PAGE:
Monday, March 17, 2014

Love Letters to the Dead by Ava Dellaira

Title: Love Letters to the Dead
Author: Ava Dellaira
323 pages, April 1st 2014, Farrar, Straus and Giroux
Goodreads' synopsis: "It begins as an assignment for English class: Write a letter to a dead person. Laurel chooses Kurt Cobain because her sister, May, loved him. And he died young, just like May did. Soon, Laurel has a notebook full of letters to people like Janis Joplin, Amy Winehouse, Amelia Earhart, Heath Ledger, and more; though she never gives a single one of them to her teacher. She writes about starting high school, navigating new friendships, falling in love for the first time, learning to live with her splintering family. And, finally, about the abuse she suffered while May was supposed to be looking out for her. Only then, once Laurel has written down the truth about what happened to herself, can she truly begin to accept what happened to May. And only when Laurel has begun to see her sister as the person she was; lovely and amazing and deeply flawed; can she begin to discover her own path."
I enjoyed this book a whole lot. I didn't really know what to expect, and at first when I started reading it I was a little sceptical about the idea of the whole book written in letters. But it worked really well. Dellaira surprised me, because I didn't think it was going to be possible to get into the story. Another thing that surprised me; the protagonist, Laurel, is a freshman. This is the first time I've read a book written from a less-than-sixteen-years-old point of view and genuinely liked it. Laurel is a freshman, and usually that would have annoyed me, because they are usually written as very naive and irritating, but Laurel is very mature for her age, which is probably because of all she has been through, and I really liked Laurel as a protagonist. She was a bit messed up, which all just helped make the book intense. So did Laurel and Sky's relationship. Everything was just so serious and sometimes I really needed to take a break and breathe for a while, but I also had to keep reading, which resulted in a very speechless me at the end.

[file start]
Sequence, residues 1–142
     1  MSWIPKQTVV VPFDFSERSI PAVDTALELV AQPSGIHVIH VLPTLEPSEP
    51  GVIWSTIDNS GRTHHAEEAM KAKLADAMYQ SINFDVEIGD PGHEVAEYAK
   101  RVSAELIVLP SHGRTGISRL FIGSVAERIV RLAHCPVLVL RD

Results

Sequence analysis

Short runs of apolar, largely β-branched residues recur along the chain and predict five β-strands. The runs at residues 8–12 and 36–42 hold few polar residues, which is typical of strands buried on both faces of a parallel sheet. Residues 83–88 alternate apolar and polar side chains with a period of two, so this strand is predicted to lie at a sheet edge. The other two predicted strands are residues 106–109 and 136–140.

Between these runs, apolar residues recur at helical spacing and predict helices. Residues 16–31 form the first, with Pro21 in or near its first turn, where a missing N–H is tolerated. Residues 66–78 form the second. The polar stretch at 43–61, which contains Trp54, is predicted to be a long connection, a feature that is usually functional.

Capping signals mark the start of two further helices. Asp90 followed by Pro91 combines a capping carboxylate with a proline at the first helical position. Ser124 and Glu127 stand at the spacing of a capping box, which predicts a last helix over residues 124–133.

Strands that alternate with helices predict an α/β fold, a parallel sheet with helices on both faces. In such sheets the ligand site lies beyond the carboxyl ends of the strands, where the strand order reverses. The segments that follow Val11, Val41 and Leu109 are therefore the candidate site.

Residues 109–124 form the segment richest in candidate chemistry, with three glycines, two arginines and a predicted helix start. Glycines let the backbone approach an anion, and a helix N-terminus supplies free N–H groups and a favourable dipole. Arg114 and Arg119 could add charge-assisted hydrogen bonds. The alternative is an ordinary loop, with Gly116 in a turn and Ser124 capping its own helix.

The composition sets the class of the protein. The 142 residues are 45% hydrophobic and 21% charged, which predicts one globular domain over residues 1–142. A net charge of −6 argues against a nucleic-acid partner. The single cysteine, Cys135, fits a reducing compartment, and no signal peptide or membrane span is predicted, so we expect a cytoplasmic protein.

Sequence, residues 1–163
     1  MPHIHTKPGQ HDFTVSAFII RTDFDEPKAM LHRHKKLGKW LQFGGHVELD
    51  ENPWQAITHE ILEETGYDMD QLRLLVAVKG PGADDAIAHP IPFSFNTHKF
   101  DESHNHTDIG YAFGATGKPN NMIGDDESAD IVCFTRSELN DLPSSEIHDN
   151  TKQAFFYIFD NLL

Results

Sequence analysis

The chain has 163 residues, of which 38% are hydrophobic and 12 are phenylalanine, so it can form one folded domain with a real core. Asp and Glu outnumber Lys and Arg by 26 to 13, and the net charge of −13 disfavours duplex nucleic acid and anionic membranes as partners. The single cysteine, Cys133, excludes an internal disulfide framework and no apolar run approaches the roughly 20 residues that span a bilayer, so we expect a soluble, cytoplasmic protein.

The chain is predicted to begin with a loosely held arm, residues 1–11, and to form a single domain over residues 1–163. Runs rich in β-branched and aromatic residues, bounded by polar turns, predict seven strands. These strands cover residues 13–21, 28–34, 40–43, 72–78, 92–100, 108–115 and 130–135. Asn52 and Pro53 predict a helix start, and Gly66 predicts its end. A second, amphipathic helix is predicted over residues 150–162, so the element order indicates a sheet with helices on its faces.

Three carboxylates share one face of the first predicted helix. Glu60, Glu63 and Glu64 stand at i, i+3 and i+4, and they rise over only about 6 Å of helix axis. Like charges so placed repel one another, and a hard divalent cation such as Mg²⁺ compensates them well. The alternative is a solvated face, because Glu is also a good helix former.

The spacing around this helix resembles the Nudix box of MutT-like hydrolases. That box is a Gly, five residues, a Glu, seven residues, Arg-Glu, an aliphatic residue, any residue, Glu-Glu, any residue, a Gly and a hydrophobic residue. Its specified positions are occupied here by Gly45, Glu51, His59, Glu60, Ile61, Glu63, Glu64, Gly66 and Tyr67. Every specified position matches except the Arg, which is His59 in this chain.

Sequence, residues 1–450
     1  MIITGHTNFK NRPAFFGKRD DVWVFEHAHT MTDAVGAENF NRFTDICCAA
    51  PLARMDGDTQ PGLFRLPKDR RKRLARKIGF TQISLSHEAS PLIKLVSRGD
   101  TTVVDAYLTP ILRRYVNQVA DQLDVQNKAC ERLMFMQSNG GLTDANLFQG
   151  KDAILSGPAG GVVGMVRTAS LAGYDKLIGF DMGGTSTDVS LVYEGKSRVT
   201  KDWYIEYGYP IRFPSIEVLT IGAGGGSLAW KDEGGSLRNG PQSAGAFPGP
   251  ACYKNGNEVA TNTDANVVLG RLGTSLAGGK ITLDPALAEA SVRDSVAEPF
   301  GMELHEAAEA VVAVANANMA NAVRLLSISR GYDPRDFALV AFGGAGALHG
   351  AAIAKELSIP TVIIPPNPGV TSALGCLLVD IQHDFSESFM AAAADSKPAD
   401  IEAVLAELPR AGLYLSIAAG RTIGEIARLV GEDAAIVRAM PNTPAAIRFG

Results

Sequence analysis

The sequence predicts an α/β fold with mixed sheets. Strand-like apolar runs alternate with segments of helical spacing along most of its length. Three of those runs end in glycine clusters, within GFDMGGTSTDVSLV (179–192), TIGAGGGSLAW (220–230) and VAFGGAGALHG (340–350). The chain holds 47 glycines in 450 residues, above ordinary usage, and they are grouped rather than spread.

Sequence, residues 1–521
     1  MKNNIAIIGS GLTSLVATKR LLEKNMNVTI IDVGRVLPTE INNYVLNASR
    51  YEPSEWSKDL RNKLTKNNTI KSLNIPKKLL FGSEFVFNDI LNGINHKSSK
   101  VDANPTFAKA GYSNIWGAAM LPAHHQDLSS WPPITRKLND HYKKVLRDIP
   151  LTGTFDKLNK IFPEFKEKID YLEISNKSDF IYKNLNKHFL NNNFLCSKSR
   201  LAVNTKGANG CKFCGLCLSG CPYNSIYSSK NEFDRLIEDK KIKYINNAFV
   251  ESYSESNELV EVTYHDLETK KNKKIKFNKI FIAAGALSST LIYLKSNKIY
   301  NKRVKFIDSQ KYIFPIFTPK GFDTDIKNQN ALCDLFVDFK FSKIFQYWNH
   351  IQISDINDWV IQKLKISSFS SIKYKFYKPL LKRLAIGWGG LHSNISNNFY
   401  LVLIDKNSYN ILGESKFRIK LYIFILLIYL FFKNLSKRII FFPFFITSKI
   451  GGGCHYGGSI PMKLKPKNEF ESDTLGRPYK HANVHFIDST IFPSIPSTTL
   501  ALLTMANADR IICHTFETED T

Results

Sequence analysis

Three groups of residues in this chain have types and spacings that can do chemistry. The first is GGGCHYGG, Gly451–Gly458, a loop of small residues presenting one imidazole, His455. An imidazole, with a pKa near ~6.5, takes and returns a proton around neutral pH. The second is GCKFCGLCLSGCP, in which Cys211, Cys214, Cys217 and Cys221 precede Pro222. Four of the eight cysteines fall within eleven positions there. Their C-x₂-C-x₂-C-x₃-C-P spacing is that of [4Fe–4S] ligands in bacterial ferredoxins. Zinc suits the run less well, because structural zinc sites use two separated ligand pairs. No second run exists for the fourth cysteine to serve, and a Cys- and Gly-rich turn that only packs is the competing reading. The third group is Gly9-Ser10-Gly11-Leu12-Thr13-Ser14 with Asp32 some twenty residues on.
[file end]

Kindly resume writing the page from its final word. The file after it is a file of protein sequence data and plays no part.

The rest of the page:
I liked the characters, Laurel's friends, but in the beginning I was rooting against them, because they all seemed like bad company for her, smoking, drinking, skipping school, and these girls barely just turned fifteen, but although they did all of that they turned out being good for Laurel, which made me like them.
This was a quick and great read, and I definitely recommend it.

More information and places to buy this book: 
Buy This Book from Book Depository, Free Delivery World Wide
 Click to see book on GoodreadsClick to see book on Amazon
Thank you to FSG for providing me with an eARC on Netgalley in exchange for an honest review.


  1. Your review kind of reminds me of The Perks of Being a Wallflower for some reason. It sounds like a great coming of age story :)

    1. I haven't read The Perks of Being a Wallflower, but that was written in letters, right?
      It was a great coming of age story! :-)


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